Delaware Art Museum Climbs Out of $20 Million Hole

By dipping into investment fund.

The Delaware Art Museum. Photo courtesy of the Delaware Art Museum.

There is a light at the end of the tunnel for the troubled Delaware Art Museum, which, the News Journal reports, has just announced that it will eliminate its remaining $19.8 million in debt by the end of September.

The museum came under fire earlier this year when it announced that it would be selling four works from its collection to avoid closing for good. Only two pieces actually made their way to market: William Holman Hunt‘s pre-Raphaelite masterpiece Isabella and the Pot of Basil (1868), which fetched a disappointing $4.25 million, and Black Crescent, an Alexander Calder mobile, which brought in $10.6 million in a private sale.

Winslow Homer‘s Milking Time (1875) was also selected for the fire sale, but has failed to attract a buyer. “Basically, there’s no interest in Homers,” Gerret Copeland, chairman of the museum board, told the News Journal. The museum will bridge the gap to $19.8 million by taking at least $5 million from its investment fund.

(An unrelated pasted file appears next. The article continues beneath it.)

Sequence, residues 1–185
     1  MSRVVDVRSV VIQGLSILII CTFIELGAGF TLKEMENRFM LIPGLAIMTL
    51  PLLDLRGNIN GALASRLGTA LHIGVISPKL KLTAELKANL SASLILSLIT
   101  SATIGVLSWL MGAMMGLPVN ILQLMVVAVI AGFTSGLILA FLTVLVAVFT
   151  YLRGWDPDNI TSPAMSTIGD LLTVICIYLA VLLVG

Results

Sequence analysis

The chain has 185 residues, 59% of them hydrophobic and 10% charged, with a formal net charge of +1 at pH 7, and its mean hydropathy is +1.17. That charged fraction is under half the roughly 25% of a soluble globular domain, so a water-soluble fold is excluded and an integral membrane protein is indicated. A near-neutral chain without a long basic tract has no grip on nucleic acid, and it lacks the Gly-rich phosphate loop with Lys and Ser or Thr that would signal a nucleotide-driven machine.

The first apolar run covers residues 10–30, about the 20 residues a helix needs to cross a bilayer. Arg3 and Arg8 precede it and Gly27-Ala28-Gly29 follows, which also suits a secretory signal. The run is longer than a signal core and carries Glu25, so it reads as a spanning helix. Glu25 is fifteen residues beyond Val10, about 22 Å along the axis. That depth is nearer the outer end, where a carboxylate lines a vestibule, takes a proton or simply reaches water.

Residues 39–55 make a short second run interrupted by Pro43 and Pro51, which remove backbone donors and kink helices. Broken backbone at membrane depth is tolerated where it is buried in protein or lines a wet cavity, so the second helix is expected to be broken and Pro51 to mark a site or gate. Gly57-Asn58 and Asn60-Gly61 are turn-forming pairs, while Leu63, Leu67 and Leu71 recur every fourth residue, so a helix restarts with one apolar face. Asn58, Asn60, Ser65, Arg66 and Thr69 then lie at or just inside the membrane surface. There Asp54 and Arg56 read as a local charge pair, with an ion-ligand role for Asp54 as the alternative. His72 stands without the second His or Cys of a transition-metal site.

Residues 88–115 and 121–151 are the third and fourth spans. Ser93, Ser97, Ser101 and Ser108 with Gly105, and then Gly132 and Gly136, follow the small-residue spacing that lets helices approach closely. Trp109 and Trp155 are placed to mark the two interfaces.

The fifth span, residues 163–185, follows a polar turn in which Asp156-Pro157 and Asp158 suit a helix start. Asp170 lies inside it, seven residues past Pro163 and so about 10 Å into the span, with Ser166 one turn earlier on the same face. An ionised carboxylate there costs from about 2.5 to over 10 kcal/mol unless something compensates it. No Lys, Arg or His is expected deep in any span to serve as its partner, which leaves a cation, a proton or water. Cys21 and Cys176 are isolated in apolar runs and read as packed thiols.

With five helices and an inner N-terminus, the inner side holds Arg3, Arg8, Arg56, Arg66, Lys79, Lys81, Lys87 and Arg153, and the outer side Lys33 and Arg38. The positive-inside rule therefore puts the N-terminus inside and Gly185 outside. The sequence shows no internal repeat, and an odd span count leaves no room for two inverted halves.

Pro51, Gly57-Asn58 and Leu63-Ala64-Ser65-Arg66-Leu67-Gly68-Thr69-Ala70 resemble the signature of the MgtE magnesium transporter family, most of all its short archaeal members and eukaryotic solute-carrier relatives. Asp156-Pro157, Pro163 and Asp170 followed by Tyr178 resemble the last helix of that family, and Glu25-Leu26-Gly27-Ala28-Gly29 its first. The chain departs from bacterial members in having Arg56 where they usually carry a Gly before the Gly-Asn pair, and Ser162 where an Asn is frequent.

A $32.5 million expansion announced way back in 2001 that became mired in delays, wracking up additional costs, lies at the root of the museum’s troubles. Copeland says that the museum is happy to be “free of the albatross around our neck,” even if a less-than-enthusiastic art market made dipping into museum reserve funds necessary.

Repaying the debt will leave some $15 million–18 million in the museum’s investment coffers, or about half of what is needed for the institution’s long-term stability (the fund fluctuates somewhat with the market). The museum was forced to withdrawn from the fund to meet an October 2 bank deadline, or face closure.

“I view it as a loan from the endowment that we will repay as soon as possible,” CEO Mike Miller told the News Journal. Unfortunately, repaying said loan will most likely involve deaccessioning the Homer after all. It is a “strong possibility,” Miller added, that an as-of-yet unnamed fourth piece from the museum’s 12,500-object collection will also be sold.

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